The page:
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July manufacturing gets biomed boost
[SINGAPORE] It may look like manufacturing activity strengthened in July, but the 3.3 per cent growth in factory output stemmed from a double-digit surge in biomedical production. Without this boost to offset contractions in the electronics and transport engineering clusters, industrial production would have fallen by 2.2 per cent last month.
As such, private-sector economists caution against getting carried away by the acceleration. Said Bank of America Merrill Lynch economist Chua Hak Bin: "July's performance was supported by a very volatile factor. If you take out the biomedical sector, you'll see (the expansion was) definitely not broad-based, so it's hard to say that this is really a big turning point. The story continues - restructuring and a stricter foreign worker policy is still weighing on manufacturing."
While the market consensus estimate seemed to hit the nail on the head - the median forecast of 23 economists polled by Bloomberg before the Singapore Economic Development Board (EDB) released the data on Tuesday was for a 3.3 per cent expansion - individual analysts had vastly different projections. Forecasts ranged from a contraction of 2 per cent, to an increase of 4.2 per cent.
Analysts think this had to do with differing opinions on whether the "wildcard" biomedical sector would surprise on the upside or on the downside.
Those who banked on the former were right; thanks to a strong showing from both the pharmaceuticals and medical technology segments - which rose 28 per cent and 30.8 per cent respectively - the biomedical manufacturing cluster's output increased 28.5 per cent in July.
"We are back on drugs again and that's good, because without (the upswing) we would have sunk," said CIMB economist Song Seng Wun, who estimates that the biomedical cluster alone contributed 5.1 percentage points to headline industrial production growth.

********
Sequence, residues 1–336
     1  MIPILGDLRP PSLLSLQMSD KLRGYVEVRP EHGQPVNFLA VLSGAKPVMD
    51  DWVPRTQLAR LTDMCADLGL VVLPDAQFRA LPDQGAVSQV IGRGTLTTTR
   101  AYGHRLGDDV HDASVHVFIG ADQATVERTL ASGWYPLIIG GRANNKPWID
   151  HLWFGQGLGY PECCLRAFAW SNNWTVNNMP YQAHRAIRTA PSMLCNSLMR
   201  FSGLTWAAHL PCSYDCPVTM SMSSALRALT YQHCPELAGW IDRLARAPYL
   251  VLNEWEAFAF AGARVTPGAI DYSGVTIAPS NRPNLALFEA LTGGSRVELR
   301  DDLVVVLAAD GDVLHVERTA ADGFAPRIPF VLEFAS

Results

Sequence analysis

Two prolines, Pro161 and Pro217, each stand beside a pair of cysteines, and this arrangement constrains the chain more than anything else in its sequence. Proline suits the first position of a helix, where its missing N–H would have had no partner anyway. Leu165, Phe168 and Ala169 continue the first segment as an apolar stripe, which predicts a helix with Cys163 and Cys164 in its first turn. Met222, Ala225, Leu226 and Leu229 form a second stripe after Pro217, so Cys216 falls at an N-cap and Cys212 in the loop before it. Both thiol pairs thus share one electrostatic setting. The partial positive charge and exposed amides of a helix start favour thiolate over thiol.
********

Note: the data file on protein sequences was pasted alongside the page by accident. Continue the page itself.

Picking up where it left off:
Excluding the volatile sector though, output would have fallen by 2.2 per cent.
The key electronics cluster - which retains the largest weight of 33.4 per cent on the industrial production index - continued to exert a drag on overall manufacturing activity.
Electronics output dropped 2.9 per cent in July, falling for the fourth straight month as flagged by EDB in April when it said a "one-off" and "firm-specific factor" will weigh down the semiconductors segment for the rest of the year. Semiconductors activity contracted by 1.6 per cent in July.
Still, the fall in electronics production was less than the 4.4 per cent and 4 per cent contractions seen in June and May respectively.
Declines in output were also recorded in the transport engineering (-9.9 per cent) and general manufacturing (-5.9 per cent) industries. The former suffered from lower contributions from rig building and ship repair jobs, leading to a 9 per cent drop in the marine & offshore engineering segment; the aerospace segment contracted 16.2 per cent, due to a lower volume of repair jobs from commercial airlines.
But it was not all bad news in July - the chemicals and precision engineering clusters expanded by 9.2 per cent and 4.4 per cent respectively.
EDB said that after adjusting for seasonal factors, industrial production increased 2.7 per cent month on month in July. Excluding biomedical manufacturing, output would have fallen by 0.8 per cent.
The expansion was larger than private-sector economists had earlier forecast - they had been expecting industrial production to increase by 2.3 per cent in July from June, on a seasonally adjusted basis.
Even though manufacturing output has grown 5.2 per cent year on year, economists believe things will slow in the second half of 2014.
UOB economists Francis Tan and Jimmy Koh said in a research note: "Going forward, manufacturing output growth in the second half of this year will see some headwinds. For a start, the high base effects in H2 2013 and the continued weakness in electronics output will weigh down overall manufacturing activity growth. Domestic supply-side constraints from the tight labour market will continue to drive up wages - thus exerting upward pressures on business costs."
And while ANZ economists Daniel Wilson and Glenn Maguire think that production would be buoyed by firmer demand in developed markets and China, they believe that gains would be capped by Singapore's tight labour market. They also do not expect July's jump in pharmaceuticals activity to last for long, given the lumpy nature of production cycles.